Discussion

Sensory reweighting [11] and sensory addition [16] have previously been described as potential mechanisms by which biofeedback devices supplement native sensory inputs to inform corrective motor torques and thereby decrease postural sway. Sensory reweighting is a general term used to describe both the real-time (i.e., while biofeedback device is being worn during a single training session) and long-term/plastic (i.e., post extensive training in the absence of wearing the biofeedback device) effects of supplemental information on the gains of native sensory inputs. In other words, the improved quality of the information about the body’s motion with respect to the gravito-inertial vector supplied by the non-native supplemental channel of information would result in an increased reliance on native inputs that correlate highly with this information. This approach infers upstream integration of the supplemental information within the central nervous system (CNS) (e.g., non-native information from the biofeedback device may be integrated with native inputs upstream within the multimodal sensory association areas in the cerebral cortex). However, to date, there is limited or no evidence in the literature to support either the real-time or long-term/plastic sensory reweighting scenarios.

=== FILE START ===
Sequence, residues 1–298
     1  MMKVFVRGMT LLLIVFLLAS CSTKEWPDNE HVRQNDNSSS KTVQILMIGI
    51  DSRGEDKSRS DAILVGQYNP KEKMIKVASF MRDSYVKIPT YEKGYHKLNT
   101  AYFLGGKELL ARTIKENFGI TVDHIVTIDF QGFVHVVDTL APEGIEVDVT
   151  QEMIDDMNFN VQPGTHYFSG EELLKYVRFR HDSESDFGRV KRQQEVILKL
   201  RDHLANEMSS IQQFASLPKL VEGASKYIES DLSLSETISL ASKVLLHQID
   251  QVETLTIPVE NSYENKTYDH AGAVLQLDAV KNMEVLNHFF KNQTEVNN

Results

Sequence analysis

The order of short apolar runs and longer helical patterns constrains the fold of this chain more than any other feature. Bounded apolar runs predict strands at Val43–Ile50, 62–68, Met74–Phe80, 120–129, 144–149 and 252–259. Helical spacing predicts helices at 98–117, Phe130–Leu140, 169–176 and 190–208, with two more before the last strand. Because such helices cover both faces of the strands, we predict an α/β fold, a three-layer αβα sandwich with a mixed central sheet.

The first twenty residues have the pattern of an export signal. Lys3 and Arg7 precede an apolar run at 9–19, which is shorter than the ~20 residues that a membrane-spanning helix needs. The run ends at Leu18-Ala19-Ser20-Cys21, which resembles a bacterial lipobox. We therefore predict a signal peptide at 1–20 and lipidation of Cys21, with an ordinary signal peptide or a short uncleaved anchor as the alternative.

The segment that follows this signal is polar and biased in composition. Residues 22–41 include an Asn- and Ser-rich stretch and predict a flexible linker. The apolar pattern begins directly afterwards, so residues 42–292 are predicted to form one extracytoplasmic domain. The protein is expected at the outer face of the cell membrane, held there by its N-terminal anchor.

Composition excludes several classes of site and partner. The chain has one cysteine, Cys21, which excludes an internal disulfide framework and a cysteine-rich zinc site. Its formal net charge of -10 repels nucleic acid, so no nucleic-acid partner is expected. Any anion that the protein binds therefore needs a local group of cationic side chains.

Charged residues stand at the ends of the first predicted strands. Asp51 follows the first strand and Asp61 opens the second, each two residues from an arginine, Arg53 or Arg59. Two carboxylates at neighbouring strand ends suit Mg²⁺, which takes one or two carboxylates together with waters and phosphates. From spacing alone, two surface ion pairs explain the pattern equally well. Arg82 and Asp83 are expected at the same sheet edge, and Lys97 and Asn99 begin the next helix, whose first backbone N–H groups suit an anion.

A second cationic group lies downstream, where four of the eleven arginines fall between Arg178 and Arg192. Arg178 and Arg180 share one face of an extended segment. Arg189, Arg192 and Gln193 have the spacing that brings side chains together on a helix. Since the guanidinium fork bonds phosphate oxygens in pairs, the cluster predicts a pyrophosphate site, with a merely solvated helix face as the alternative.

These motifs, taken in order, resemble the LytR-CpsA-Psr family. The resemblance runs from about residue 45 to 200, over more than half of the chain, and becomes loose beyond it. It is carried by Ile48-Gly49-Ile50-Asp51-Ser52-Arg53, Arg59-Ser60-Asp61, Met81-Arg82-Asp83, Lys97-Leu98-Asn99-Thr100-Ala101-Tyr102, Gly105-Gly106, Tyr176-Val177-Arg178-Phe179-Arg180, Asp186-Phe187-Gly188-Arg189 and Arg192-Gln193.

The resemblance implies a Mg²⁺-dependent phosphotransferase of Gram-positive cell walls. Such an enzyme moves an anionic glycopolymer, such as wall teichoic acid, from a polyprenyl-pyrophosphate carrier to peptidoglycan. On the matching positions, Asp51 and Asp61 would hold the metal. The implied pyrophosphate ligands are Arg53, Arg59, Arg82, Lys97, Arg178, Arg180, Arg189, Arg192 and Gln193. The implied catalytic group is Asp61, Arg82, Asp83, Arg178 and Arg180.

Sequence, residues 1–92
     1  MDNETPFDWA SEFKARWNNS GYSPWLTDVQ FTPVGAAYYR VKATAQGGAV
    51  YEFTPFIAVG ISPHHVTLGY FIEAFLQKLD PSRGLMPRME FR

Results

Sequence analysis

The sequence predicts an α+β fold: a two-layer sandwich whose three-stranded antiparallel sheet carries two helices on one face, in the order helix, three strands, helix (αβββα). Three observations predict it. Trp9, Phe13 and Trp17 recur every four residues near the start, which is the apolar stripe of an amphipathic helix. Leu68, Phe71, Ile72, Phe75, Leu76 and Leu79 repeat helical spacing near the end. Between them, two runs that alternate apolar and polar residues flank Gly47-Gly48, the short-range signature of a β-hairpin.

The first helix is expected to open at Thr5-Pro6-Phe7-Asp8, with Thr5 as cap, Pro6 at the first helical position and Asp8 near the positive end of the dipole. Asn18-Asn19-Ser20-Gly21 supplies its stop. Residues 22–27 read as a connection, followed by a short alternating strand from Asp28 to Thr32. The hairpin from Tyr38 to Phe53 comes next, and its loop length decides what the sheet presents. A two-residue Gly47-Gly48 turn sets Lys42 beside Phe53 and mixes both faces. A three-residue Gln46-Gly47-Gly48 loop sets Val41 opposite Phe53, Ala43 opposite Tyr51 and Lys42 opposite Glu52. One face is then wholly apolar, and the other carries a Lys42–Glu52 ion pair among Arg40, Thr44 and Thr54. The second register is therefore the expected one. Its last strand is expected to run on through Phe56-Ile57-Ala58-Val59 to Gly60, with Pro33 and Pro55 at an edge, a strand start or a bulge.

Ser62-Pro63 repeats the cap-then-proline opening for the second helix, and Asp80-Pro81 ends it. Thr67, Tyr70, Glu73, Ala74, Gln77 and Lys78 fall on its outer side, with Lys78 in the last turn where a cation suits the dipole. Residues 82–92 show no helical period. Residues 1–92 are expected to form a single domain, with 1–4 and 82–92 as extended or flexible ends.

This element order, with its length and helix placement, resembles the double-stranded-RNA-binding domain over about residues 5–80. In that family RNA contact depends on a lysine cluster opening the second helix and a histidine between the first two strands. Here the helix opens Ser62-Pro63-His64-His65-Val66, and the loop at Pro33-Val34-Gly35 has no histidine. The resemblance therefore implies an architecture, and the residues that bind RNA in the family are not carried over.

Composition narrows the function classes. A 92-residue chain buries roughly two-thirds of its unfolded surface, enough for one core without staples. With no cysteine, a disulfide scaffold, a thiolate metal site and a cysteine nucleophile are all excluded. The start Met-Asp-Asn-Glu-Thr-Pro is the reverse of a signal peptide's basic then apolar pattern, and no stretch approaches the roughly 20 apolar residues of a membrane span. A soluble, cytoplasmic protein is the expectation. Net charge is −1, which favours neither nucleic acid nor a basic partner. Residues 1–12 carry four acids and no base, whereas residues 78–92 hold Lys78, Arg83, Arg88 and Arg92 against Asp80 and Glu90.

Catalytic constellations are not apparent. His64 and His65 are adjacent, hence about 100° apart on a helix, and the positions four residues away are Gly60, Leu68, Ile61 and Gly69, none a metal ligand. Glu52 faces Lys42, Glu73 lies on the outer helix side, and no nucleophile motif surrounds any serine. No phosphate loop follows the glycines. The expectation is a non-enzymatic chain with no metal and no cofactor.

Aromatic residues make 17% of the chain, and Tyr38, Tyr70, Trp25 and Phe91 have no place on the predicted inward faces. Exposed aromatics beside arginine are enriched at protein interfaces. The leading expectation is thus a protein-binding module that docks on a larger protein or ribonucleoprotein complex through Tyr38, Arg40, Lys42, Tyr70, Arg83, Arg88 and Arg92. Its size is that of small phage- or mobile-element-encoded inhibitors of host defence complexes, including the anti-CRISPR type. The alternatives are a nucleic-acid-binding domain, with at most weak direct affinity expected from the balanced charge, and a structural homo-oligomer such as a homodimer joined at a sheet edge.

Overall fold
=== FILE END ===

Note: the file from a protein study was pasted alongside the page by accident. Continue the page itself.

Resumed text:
Sensory addition is based on the notion that the information from the non-native channel is added to the information from native channels, with the gains of the native channels remaining unchanged. The modeling results reported by Goodworth et al. [16] suggest that the information obtained from their vibrotactile biofeedback device added to the native vestibular and proprioceptive feedback without changing the reliance on the native sensory inputs (i.e., the vestibular and proprioceptive gains remained unchanged). However, it should be noted that this approach also requires upstream integration of the supplemental information with the native inputs within the CNS.